Playlab is welcoming spring with Grown Up Flowers, an installation series bringing giant inflatable flowers to Manhattan.
It’s hard to imagine, but New York City was once covered with distinctive wild flowers. According to NYC Parks, the islands that made up the five boroughs were once home to between 1,500 and 2,000 distinct plant species – and it attracted Dutch settlers with the scent of wildflowers that wafted out to sea. It’s difficult to align that image with modern-day Gotham, but Playlab isn’t letting Manhattan forget it roots.
From May 2 to July 30, the creative studio, made up of Archie Lee Coates IV, Jeff Franklin, Anya Shcherbakova, Dillon Kogle and Phil Gibson, will be filling Manhattan with a series of installations called Grown Up Flowers. Hosted by the Avenue of the Americas Association, the imposing (yet undeniably playful) installations will be clustered around 6th Avenue, where they will be “sitting, lounging or standing tall.”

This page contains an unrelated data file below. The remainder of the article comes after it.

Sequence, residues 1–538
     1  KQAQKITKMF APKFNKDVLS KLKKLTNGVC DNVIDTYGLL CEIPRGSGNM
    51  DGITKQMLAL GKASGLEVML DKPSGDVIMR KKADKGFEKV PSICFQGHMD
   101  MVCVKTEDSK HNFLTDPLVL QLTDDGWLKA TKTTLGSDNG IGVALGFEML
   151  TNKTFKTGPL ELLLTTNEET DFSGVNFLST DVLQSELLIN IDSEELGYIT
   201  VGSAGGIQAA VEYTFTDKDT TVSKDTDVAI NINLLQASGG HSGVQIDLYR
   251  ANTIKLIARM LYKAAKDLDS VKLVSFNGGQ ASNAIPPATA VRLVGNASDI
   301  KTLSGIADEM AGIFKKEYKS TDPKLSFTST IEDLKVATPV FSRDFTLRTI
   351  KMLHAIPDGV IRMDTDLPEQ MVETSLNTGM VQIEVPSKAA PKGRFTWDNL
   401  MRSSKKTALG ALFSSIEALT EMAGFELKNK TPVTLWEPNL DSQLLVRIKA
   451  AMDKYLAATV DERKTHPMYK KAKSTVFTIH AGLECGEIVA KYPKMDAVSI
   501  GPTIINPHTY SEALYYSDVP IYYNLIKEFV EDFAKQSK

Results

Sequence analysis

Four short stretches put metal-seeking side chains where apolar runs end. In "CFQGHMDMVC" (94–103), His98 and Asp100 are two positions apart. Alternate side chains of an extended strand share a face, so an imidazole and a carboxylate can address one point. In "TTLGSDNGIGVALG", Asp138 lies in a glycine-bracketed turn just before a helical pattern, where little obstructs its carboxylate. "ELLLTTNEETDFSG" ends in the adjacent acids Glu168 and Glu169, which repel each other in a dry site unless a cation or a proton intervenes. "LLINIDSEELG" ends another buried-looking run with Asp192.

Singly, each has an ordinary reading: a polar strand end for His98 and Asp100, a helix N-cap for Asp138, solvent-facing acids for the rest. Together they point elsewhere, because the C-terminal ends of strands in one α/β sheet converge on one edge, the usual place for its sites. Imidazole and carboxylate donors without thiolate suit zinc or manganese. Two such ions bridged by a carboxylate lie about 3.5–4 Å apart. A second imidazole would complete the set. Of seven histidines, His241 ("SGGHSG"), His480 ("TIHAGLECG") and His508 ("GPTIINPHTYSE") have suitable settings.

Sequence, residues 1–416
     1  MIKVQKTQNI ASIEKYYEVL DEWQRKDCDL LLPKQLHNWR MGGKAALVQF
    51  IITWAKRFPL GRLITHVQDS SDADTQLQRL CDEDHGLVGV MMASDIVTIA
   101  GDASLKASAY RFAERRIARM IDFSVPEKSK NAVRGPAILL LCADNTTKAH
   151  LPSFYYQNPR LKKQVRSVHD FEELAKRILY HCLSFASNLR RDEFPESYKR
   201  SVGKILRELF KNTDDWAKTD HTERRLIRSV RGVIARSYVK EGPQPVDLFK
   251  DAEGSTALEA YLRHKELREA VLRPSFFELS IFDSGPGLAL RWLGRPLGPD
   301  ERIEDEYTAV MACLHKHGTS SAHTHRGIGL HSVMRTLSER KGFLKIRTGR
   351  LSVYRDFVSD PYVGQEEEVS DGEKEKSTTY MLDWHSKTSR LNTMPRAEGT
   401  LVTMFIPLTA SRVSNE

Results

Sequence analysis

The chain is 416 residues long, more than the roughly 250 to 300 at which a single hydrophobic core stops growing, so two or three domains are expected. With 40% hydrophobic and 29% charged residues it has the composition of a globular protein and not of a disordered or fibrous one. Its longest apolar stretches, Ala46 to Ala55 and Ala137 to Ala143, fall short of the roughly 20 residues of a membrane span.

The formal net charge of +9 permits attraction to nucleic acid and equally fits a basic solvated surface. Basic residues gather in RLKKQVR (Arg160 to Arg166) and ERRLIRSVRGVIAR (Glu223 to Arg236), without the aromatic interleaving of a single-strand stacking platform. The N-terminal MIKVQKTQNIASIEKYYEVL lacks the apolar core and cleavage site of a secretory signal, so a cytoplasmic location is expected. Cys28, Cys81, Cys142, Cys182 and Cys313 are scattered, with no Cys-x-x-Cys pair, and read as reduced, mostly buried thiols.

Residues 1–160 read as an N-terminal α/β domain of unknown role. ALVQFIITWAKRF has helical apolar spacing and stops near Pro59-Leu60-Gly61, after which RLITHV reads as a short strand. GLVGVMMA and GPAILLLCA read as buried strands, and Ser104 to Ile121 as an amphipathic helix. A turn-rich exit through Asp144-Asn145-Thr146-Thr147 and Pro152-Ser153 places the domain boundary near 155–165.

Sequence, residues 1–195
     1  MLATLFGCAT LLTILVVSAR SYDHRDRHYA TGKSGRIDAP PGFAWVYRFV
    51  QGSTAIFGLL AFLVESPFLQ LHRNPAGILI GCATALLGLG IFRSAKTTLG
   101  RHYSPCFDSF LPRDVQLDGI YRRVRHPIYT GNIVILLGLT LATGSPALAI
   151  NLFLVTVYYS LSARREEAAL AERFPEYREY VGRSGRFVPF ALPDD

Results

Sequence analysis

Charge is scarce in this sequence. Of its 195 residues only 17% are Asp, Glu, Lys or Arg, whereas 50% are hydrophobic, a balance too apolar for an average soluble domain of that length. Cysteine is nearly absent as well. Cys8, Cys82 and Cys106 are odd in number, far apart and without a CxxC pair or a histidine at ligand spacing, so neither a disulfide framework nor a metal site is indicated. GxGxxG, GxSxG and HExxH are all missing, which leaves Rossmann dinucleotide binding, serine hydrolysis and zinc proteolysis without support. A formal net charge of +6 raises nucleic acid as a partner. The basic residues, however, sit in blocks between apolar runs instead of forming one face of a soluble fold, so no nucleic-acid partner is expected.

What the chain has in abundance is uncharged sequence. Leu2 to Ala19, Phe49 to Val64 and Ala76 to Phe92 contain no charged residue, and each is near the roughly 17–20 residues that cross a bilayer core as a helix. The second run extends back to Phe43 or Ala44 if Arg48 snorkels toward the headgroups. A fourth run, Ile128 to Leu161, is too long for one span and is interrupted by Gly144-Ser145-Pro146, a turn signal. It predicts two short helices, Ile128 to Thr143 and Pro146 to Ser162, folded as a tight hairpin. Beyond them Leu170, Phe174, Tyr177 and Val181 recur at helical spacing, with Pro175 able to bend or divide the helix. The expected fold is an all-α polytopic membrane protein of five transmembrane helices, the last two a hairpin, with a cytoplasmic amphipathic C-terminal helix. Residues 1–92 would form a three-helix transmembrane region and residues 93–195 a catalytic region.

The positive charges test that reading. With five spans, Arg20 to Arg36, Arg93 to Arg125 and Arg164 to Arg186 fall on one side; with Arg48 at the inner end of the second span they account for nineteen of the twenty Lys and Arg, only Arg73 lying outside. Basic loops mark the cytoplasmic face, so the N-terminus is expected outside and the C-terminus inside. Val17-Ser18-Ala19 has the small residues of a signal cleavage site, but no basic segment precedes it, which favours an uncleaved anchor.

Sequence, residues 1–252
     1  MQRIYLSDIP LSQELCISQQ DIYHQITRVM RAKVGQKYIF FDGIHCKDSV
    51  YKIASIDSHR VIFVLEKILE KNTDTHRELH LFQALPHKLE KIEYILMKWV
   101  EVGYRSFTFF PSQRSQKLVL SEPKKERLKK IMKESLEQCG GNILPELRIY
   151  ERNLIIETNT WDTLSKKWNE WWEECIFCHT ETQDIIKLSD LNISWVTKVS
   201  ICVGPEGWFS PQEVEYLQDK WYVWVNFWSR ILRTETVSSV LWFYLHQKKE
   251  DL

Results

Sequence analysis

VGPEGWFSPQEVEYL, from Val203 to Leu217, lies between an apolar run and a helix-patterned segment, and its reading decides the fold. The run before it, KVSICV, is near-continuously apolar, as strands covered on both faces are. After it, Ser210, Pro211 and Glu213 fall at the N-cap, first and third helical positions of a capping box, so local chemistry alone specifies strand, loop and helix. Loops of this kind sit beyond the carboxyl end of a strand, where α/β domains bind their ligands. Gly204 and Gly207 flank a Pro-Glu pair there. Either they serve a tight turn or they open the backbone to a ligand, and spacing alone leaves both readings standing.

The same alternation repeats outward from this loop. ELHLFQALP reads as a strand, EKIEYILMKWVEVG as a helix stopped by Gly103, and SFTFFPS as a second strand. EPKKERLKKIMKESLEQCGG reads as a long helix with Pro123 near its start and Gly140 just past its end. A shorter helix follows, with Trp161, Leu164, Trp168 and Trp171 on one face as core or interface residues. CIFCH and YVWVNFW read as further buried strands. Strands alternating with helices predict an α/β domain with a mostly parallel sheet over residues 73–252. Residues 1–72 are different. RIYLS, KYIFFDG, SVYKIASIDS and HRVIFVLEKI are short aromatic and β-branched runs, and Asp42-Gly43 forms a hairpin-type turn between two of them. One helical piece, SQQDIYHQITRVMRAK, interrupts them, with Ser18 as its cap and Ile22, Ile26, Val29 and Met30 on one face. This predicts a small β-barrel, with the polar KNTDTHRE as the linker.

These blue, orange, yellow and purple flowers loom more than bloom; they were designed to match (or even compete) with the scale of the surrounding built environment. The towering blossoms nod to a time when New York’s flowers – which were distinct from the continental U.S.’s flora, as much of the area is defined by islands – populated the area where buildings currently stand.
Made by Inflatable Images, a company that models, digitally prints and sews cold-air inflatables, and rendered by artist Haik Avanian, the six installations are spread across four locations. Some, like Wilt, lean over viewers. Others, like Teddy, slouch. Rose and Wilson adopt reclining positions. Each installation will be secured by cables and lit from the inside at night.
For its opening, volunteers will be handing out actual flowers at each location. Seed packs (above) and postcards have also been developed for Grown Up Flowers.
While the installations are whimsical, Playlab’s installations are a reminder that the built environment is part of, and is in constant dialogue with, the natural world. And that goes beyond the flowers that live on storefront planters.